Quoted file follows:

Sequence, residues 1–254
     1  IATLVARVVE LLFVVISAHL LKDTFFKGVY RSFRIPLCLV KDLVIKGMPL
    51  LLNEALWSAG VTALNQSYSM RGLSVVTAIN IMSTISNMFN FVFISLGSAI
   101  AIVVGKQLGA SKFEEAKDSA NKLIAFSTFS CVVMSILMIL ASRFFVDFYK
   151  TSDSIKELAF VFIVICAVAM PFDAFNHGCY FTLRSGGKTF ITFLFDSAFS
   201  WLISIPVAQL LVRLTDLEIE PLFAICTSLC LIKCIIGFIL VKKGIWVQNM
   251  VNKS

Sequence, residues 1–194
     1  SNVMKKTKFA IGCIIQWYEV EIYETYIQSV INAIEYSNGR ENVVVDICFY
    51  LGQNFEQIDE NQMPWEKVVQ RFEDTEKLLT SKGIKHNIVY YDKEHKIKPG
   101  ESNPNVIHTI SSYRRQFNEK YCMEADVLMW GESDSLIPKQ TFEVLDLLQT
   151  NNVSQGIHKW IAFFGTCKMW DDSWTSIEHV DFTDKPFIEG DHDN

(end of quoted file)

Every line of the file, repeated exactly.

Sequence, residues 1–254
     1  IATLVARVVE LLFVVISAHL LKDTFFKGVY RSFRIPLCLV KDLVIKGMPL
    51  LLNEALWSAG VTALNQSYSM RGLSVVTAIN IMSTISNMFN FVFISLGSAI
   101  AIVVGKQLGA SKFEEAKDSA NKLIAFSTFS CVVMSILMIL ASRFFVDFYK
   151  TSDSIKELAF VFIVICAVAM PFDAFNHGCY FTLRSGGKTF ITFLFDSAFS
   201  WLISIPVAQL LVRLTDLEIE PLFAICTSLC LIKCIIGFIL VKKGIWVQNM
   251  VNKS

Sequence, residues 1–194
     1  SNVMKKTKFA IGCIIQWYEV EIYETYIQSV INAIEYSNGR ENVVVDICFY
    51  LGQNFEQIDE NQMPWEKVVQ RFEDTEKLLT SKGIKHNIVY YDKEHKIKPG
   101  ESNPNVIHTI SSYRRQFNEK YCMEADVLMW GESDSLIPKQ TFEVLDLLQT
   151  NNVSQGIHKW IAFFGTCKMW DDSWTSIEHV DFTDKPFIEG DHDN